A person saga of familial guilt set against the swirl of socio-political change is how you could describe Wang Xiaoshuai's highly ambitious three-hour movie So Long My Son (Curzons Victoria, Soho and Wimbledon and selected cinemas).
The film depicts China's difficult transition from state-controlled communism to state-controlled capitalism. Spanning a period roughly from the mid-1970s to the present, it is a quiet epic about several decades in the lives of two couples, forever united by a single tragedy. Yaojun (Wang Jingchun) and Liyun (Yong Mei) work with another married couple in a factory in northern China. Their home and work lives are closely linked and strongly influenced by various state regulations and societal expectations–not least the country's one-child policy. The two couples have kids in the same year and their boys become friends. That is until Yaojun and Liyun's son Xingxing drowns at the local reservoir in the presence of the other boy beginning years of guilt and grief.
Moving between the past, present and future, the film shows how political reality affects the lives of the family and the people around them, from factory officials of the 1980s to the newly wealthy of the 21st century. But this zigzagging between decades, leaving us to work out exactly where we are in time and space is, I think, a mistake as it adds confusion to what is basically a moving drama of personal and national destinies. Indeed these jolting narrative ellipses threaten to lose the audience in the film's audacious leaps through time and space, weakening the emotional impact.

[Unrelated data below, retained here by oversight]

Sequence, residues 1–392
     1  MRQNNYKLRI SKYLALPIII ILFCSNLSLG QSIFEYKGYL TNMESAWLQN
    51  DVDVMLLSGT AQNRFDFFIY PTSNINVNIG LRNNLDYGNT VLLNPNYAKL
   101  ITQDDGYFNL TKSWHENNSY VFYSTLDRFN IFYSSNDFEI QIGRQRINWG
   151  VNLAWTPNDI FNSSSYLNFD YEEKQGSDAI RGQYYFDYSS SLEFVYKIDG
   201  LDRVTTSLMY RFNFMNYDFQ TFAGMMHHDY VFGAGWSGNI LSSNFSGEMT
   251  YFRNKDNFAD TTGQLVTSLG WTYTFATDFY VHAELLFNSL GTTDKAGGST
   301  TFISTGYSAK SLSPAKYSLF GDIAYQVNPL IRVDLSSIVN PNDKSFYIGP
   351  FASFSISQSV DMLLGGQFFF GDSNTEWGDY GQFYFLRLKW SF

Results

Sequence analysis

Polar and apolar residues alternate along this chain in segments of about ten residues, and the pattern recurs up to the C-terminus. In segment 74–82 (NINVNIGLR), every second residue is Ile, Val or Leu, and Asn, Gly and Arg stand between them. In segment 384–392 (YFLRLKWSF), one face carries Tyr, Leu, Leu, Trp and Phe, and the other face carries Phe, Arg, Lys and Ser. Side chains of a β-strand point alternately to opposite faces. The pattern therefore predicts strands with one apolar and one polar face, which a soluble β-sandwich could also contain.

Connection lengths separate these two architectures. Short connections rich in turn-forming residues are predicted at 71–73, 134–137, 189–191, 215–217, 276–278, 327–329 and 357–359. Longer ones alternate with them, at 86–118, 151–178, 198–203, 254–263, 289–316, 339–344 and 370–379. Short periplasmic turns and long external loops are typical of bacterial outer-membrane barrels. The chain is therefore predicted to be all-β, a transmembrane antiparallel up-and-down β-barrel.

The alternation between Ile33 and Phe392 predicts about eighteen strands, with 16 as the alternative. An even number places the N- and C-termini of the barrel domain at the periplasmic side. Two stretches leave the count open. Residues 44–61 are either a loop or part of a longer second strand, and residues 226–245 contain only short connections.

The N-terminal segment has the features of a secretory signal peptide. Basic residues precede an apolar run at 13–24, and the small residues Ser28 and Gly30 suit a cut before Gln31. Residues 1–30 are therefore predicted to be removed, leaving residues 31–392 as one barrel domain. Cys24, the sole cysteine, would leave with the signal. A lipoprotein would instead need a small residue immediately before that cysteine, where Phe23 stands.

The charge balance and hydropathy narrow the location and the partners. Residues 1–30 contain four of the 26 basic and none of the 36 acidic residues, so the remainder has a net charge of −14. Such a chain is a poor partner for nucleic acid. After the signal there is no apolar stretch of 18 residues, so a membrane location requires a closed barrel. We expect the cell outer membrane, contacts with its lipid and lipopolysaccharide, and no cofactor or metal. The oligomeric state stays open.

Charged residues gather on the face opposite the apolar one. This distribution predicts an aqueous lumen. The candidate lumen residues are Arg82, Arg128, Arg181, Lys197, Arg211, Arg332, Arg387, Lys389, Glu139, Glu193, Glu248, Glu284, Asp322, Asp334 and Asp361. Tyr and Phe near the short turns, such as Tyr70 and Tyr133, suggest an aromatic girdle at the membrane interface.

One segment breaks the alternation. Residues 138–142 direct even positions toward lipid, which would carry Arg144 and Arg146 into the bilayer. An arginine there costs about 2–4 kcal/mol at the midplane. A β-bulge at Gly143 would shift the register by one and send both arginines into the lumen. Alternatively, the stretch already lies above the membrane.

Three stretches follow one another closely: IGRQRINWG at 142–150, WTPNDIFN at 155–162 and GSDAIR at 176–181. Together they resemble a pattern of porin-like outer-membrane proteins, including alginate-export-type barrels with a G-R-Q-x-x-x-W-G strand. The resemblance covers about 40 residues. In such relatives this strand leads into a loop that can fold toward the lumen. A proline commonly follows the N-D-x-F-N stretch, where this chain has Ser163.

Nevertheless this family chronicle of changing lives, set against the most turbulent events in recent Chinese history is well acted, well photographed and full of human truth and sadness.Last modified: April 7, 2021